by Leon Suprenant
One of my favorite “liturgical moments” takes place during the diaconate ordination Mass when the newly ordained deacon goes up to the bishop and kneels before him.
The bishop then places the Book of the Gospels in his hands, saying: “Receive the Gospel of Christ whose herald you have become. Believe what you read, teach what you believe, and practice what you teach.”
What a powerful moment, as the bishop entrusts the new deacon with the staggering authority to be a “herald” or messenger of Christ, richly symbolized before our eyes in the liturgy.
Deacons serve the church through a threefold ministry of the word, liturgy, and charity, always in close collaboration with their bishop. Perhaps we are familiar with the deacon’s liturgical ministry through our own experience of the wonderful deacons here in northeast Kansas. And most of us are aware that deacons, as living images of Christ the servant, are especially involved in works of charity and service.
But what about the ministry of the word? How are deacons “heralds” of the Gospel? In response, let’s consider three points.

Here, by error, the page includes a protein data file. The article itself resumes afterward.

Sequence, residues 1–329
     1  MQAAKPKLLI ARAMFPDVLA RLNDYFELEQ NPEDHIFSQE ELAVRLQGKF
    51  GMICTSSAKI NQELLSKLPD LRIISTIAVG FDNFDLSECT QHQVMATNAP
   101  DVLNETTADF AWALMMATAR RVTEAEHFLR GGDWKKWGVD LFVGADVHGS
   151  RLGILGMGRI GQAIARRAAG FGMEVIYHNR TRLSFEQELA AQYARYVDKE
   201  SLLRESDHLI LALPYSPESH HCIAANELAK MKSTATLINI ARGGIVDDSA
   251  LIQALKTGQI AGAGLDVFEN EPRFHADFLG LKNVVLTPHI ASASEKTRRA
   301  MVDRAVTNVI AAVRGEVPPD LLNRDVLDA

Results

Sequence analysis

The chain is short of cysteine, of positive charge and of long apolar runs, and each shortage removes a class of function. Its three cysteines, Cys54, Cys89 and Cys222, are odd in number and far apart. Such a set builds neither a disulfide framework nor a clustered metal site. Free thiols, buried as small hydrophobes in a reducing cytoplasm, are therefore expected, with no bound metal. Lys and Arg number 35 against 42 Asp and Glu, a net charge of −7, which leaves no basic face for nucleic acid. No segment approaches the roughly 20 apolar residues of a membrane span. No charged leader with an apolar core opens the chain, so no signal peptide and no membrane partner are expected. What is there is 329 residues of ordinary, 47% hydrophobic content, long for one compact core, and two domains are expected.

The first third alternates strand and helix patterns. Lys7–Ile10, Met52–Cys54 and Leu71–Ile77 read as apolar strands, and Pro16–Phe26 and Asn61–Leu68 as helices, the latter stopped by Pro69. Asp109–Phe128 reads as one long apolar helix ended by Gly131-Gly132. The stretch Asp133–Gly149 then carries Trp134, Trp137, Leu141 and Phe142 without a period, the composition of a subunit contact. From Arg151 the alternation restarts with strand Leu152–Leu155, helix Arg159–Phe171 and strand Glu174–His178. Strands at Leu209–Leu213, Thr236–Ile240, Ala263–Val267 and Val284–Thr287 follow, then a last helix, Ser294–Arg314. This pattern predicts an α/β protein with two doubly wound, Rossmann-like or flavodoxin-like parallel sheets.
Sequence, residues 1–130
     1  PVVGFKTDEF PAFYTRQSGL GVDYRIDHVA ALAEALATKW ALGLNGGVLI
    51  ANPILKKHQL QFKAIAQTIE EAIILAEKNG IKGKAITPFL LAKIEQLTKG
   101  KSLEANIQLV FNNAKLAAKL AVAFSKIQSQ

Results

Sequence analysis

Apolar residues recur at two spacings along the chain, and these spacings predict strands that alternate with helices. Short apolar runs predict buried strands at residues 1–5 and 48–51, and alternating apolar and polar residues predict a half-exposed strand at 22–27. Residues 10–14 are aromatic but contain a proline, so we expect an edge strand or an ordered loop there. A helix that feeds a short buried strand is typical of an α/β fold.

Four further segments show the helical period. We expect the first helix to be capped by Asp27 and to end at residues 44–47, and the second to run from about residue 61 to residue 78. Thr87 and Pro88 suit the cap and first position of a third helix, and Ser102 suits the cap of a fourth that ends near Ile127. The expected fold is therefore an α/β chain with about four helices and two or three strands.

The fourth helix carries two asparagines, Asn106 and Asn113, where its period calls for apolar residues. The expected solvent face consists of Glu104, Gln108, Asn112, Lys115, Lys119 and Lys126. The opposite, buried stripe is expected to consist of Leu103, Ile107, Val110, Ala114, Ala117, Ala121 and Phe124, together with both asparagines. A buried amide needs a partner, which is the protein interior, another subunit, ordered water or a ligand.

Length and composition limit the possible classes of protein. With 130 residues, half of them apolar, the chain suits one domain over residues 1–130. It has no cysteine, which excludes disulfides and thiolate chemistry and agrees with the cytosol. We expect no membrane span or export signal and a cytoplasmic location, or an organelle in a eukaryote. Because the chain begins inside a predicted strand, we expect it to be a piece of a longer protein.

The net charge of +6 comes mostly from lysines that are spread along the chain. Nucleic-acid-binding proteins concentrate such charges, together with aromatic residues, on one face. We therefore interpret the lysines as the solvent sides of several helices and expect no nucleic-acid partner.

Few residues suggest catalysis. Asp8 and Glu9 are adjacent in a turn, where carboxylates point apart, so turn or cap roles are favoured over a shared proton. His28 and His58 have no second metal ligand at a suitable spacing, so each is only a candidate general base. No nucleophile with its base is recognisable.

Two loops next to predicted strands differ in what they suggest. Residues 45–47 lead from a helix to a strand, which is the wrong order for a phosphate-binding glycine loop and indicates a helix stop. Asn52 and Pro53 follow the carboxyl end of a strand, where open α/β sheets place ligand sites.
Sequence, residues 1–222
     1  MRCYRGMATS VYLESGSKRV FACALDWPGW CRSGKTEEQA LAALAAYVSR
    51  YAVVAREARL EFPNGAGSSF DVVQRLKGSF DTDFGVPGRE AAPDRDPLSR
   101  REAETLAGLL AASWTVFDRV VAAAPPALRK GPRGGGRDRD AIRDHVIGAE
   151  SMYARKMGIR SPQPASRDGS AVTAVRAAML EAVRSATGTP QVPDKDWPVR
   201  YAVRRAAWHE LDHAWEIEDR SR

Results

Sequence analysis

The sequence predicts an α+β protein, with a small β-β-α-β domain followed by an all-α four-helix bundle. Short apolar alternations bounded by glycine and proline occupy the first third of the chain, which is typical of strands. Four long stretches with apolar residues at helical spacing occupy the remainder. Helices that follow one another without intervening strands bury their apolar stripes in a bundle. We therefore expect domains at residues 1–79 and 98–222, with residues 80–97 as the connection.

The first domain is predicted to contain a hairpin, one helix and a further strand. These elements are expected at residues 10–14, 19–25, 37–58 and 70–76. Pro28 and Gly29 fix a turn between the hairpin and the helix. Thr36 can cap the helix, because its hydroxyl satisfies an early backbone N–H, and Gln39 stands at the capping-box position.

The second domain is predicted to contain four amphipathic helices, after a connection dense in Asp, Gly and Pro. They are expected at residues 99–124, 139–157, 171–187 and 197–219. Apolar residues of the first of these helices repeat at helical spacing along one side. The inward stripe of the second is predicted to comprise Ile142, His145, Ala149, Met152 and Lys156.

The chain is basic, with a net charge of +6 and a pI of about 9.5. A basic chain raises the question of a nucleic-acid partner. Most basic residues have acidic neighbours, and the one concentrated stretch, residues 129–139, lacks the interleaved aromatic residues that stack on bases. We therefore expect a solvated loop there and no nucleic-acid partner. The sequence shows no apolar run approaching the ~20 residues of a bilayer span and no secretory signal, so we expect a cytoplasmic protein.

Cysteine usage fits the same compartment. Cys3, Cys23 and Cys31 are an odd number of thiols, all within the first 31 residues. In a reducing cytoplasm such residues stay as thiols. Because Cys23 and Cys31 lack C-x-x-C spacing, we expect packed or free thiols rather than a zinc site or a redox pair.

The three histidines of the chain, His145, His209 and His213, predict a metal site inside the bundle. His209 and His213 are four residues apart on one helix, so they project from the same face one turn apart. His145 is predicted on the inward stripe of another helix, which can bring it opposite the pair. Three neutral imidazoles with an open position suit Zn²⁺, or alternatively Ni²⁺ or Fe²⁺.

(1) It’s not just about Mass.
Deacons do proclaim the Gospel at Mass and may be called to give the homily. That’s a significant responsibility, but it only scratches the surface of the deacon’s “ministry of the word.”
Deacons are members of the clergy, but they also typically have families, secular jobs, and civic responsibilities like the rest of us. They must be heralds of the Gospel right here, right now, in the midst of the world.
(2) Heralds are messengers, not editors.
Deacons may have their own opinions on a variety of issues, from gardening and foreign policy to what’s gone wrong with the Chiefs this season. However, as representatives of the church who have promised their obedience to Christ and to their bishop, they are servants of the Gospel.
Whenever a deacon preaches, the faithful have the right to expect that his words are the Gospel truth!
(3) Signs of contradiction.
Just as Old Testament prophets were rejected and the proverbial messengers are shot, so also deacons can expect opposition as faithful heralds of the Gospel. They are on the front lines of the new evangelization, boldly calling us to conversion and a new way of life in Christ.
Today, in the midst of unprecedented attacks on our religious liberty, on the right to life of the unborn, the terminally ill, and the aged, and on the institution of marriage itself, the deacon must make Christ’s voice heard.
The rite of ordination, quoted above, says it all. May deacons be shining examples to us all of faith, conviction, and Christian witness.